FCC Releases 'Future Of Media' Report
Repeal Of Fairness Doctrine, Move To Online Disclosure Info Suggested
June 10, 2011 at 3:45 AM (PT)
In JANUARY 2010 (NET NEWS 1/21/2010), The FCC launched an initiative on the future of media and the information needs of communities in the digital age. The initiative, headed by Sr. Advisor STEVEN WALDMAN, was set to include an examination of marketplace changes, analysis of future technologies and services, and recommendations on policy.
"We are at a critical juncture in the evolution of American media," said FCC Chairman JULIUS GENACHOWSKI at that time. "Rapid technological change in the media marketplace has created opportunities for tremendous innovation. It has also caused financial turmoil for traditional media, calling into question whether these media outlets will continue to play their historic role in providing local communities with essential news and civic information. With this crucial initiative, the FCC commits to fully understanding the fundamental changes underway in the media marketplace and examining what impact such changes may have for Commission policies, while vigorously protecting the First Amendment."
That report has now been made available, with the FCC writing, "In culmination of its work over the last year, the FCC Working Group on the Information Needs of Communities today delivered a report addressing the rapidly changing media landscape in a broadband age. In 2009, a bipartisan Knight Commission found that while the broadband age is enabling an information and communications renaissance, local communities, in particular, are being unevenly served with critical information about local issues. In JANUARY 2010, the FCC initiated a staff-level working group to identify trends and make recommendations on how all the information needs of communities can be met in a broadband world. The working group included journalists, entrepreneurs, scholars, and government officials. The group, led by STEVEN WALDMAN (former reporter and CEO of BELIEFNET.COM), interviewed more than 600 individuals groups and organizations, collected over one thousand public comments, reviewed existing research, held multiple hearings and made site visits to newsrooms across the country."
* Fueled primarily by broadband-enabled innovation, the news and information landscape is more vibrant than ever before. Digital technology is creating a world of opportunity to keep the public informed in ways unimaginable just a few short years ago.
* The disruptive impact of the Internet has enabled an unprecedented free exchange of ideas and information. Breakthroughs in hyperlocal news and citizen journalism are on the rise, empowering individuals with a wealth of new information to better inform decisionmaking and engender more accountable government.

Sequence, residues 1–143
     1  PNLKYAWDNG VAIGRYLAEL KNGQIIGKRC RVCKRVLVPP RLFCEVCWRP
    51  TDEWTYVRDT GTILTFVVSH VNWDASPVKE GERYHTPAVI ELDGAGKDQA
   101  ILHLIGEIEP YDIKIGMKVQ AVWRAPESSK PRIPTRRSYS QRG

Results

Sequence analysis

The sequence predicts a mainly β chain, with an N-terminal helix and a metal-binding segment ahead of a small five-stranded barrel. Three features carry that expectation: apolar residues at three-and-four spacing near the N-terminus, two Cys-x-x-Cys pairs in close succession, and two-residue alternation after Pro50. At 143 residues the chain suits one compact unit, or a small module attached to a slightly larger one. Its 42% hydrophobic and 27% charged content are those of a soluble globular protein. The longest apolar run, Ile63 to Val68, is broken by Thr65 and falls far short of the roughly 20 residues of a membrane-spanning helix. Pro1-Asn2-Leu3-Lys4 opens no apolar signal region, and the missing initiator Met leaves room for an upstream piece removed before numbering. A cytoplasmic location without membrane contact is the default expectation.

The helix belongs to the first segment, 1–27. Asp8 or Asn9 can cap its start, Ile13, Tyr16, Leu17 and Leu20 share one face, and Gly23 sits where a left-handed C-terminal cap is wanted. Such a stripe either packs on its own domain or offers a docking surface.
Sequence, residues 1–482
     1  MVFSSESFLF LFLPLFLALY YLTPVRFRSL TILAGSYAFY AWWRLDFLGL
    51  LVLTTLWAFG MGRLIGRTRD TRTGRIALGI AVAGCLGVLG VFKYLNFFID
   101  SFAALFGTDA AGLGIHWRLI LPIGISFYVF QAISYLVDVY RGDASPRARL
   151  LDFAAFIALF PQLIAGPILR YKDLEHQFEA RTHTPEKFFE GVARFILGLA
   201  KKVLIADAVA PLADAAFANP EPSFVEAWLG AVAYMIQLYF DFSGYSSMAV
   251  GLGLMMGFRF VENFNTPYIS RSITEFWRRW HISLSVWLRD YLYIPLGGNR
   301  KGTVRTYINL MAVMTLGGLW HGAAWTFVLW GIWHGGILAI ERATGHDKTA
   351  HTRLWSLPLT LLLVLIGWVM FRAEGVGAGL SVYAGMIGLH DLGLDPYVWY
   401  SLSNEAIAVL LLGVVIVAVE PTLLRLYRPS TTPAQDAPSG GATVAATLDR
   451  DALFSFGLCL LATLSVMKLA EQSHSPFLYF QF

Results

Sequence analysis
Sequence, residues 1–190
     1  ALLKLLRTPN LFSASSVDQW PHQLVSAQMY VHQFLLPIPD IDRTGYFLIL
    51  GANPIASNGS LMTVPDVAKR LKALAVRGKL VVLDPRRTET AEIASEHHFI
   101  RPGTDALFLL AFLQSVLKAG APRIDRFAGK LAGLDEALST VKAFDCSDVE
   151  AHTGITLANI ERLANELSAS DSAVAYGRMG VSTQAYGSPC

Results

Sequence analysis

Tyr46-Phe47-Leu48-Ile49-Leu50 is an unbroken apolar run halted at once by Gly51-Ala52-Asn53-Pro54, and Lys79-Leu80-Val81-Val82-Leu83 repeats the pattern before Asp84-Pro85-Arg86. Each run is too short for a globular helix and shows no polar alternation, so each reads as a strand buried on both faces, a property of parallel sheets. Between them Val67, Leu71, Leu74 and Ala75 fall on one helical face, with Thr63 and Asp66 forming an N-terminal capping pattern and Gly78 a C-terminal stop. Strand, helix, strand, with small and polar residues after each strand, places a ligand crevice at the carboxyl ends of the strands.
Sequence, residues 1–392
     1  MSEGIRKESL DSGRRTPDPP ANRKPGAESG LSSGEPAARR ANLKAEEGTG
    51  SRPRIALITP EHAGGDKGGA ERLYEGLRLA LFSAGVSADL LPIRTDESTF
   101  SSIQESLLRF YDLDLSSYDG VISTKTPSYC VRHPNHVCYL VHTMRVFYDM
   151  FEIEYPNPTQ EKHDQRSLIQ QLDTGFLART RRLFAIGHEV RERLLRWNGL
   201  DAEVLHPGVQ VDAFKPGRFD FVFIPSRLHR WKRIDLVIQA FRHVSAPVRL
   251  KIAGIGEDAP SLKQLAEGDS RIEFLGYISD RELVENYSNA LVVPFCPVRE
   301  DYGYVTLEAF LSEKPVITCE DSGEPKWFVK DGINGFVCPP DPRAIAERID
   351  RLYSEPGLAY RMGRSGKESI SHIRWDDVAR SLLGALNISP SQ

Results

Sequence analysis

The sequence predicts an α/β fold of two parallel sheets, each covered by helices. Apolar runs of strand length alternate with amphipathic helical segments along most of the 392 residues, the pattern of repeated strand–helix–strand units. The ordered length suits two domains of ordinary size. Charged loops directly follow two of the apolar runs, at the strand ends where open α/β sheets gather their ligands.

* Local news continues to play a vital role, with some stations seizing multiplatform opportunities. Newspapers & TV stations have emerged as the largest providers of local news online.
* An abundance of media outlets does not necessarily translate into an abundance of reporting. In many communities, there are now more outlets, but less local accountability reporting. Where there are gaps, less quality local reporting can lead to less government accountability, worse schools, wasted taxpayer dollars, greater corruption and other problems.
* Commercial and nonprofit media are now finding it increasingly advantageous to collaborate rather than compete. Synergies between sectors are growing.
* The nonprofit media sector has become more varied, and important, than ever before. Most of the players neither receive, nor seek, government funds.
Key Recommendations Include
* Accelerate move from paper to online disclosure. Disclosure information required by the FCC should be moved online from filing cabinets to the Internet so the public can more easily gain access to valuable information. FCC should eliminate burdensome rules and streamline disclosures about local programming by moving files online.
* Remove barriers to innovation and online entrepreneurship by pushing for universal broadband deployment and adoption. Achieving this goal would remove cost barriers, strengthen online business models, expand consumer pools and ensure that the news and information landscape serves communities to the maximum possible benefit of citizens.
* Target existing federal spending at local media. Existing government advertising spending, such military recruiting and public health ads, should be targeted toward local media whenever possible. Each year, the federal government spends roughly $1 billion in advertising without maximizing potential benefits to local media.
* Repeal Fairness Doctrine, terminate localism proceeding and replace "enhanced disclosure" with a new streamlined system of online disclosure. Broadcasters would disclose amount of programming about the community and other important information.
* Discourage "pay-for-play" arrangements -- in which TV stations allow advertisers to dictate on-air content without disclosing to viewers -- by requiring online disclosure of such arrangements.
* Re-assess whether the satellite TV’s set-aside for educational programming and cable TV leased access systems are working; put satellite disclosure online.
* There should be state-based C-SPAN in every state. Cable and satellite operators, public broadcasters and PEG channels should work toward that goal, and policymakers should consider offering incentives for those media organizations that take such steps, or to those that provide support for local cable news operations.
* Re-establish tax certificate program for small businesses including minorities and women.
* Policymakers should consider clarifications or changes in tax rules that would make it easier for nonprofit news operations to develop sustainable business models.
* Focus on historically underserved when policymakers craft strategies and rules.